Love Island stars are warned about the “potential downsides” of being on the show, in a lengthy 27-page contract.
Following the deaths of two former Islanders, ITV bosses revealed huge changes to their duty of care processes earlier this year.
The key changes include enhanced psychological support, more detailed conversations with potential Islanders regarding the impact of participation on the show, bespoke training for all Islanders on social media and financial management, and a proactive aftercare package which extends support to all Islanders following their participation.
Now, The Sun has revealed how this year’s Islanders were warned about the negative side of appearing on the show before they entered the villa.
This week, ITV bosses went before the Commons culture select committee inquiry into reality TV, and shared the documents that are sent to people before they appear on shows like Love Island.
In the 27-page contract, potential Islanders are told: “If you engage in sex we advise you to practice safe sex. However, if you engage in unsafe sex there are risks you are taking which you take full responsibility for.”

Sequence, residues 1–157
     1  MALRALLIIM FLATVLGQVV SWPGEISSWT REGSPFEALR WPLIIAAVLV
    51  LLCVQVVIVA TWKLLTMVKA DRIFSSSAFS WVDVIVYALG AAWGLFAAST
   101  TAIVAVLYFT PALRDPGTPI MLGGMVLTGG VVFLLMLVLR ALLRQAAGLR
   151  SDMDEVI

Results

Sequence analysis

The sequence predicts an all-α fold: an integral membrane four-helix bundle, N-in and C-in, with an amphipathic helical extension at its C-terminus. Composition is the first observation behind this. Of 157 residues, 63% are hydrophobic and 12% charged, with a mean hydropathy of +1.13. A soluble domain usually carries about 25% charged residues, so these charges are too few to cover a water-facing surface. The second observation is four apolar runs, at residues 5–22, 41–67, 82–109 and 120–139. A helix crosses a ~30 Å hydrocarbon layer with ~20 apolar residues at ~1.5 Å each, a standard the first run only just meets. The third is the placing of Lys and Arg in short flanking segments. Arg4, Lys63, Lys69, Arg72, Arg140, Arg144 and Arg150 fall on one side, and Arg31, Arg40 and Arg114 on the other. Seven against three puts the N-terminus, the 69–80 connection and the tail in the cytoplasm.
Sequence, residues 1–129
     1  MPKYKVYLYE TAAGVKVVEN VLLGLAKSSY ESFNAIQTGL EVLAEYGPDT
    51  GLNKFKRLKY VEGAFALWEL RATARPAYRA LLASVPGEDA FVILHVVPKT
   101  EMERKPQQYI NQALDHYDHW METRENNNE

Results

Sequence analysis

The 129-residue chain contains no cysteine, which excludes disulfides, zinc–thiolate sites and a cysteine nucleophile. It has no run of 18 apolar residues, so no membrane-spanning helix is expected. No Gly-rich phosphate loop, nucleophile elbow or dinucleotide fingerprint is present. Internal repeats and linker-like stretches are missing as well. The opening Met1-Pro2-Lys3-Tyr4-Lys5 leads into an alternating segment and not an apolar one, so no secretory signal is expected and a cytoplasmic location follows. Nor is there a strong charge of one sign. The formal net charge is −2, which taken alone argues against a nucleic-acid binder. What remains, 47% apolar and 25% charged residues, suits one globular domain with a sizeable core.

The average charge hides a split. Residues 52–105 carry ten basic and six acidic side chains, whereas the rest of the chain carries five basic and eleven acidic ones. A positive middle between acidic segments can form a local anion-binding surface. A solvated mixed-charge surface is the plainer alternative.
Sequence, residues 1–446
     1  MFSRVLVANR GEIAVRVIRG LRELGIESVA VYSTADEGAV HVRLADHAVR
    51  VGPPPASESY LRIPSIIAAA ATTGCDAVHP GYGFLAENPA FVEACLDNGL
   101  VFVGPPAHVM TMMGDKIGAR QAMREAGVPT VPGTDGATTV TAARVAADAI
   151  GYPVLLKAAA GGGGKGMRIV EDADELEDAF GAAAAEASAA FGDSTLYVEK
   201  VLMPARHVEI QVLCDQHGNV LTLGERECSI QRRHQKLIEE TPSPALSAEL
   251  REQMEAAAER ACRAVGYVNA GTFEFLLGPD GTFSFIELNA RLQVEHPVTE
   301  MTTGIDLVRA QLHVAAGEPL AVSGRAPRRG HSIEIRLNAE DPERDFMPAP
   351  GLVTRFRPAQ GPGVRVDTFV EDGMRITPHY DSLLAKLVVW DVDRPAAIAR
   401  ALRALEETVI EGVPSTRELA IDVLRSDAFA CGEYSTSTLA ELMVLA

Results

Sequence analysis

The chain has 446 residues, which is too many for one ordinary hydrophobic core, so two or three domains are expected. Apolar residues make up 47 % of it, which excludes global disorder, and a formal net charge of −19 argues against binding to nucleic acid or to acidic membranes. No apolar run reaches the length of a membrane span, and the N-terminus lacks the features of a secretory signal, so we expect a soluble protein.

“Taking part in Love Island will hopefully be a very positive experience for you. However, when you resume your regular life, there are potential downsides to be aware of. If you’re hoping that you will become famous by taking part in the show, there are no guarantees that this will happen.”
The contract also warns: “This is a dating show where the main goal is to find love. You may find yourself in the public spotlight in ways that you didn’t anticipate, including press interest and negative comments on social media.”
“You could become famous but then find that the public quickly loses interest. Your family and friends, as well as your past actions, may also become the subject of negative press attention.”
Islanders are also told if they don’t declare any mental health or psychological conditions before entering the villa, they cannot claim damages for any issues following the show.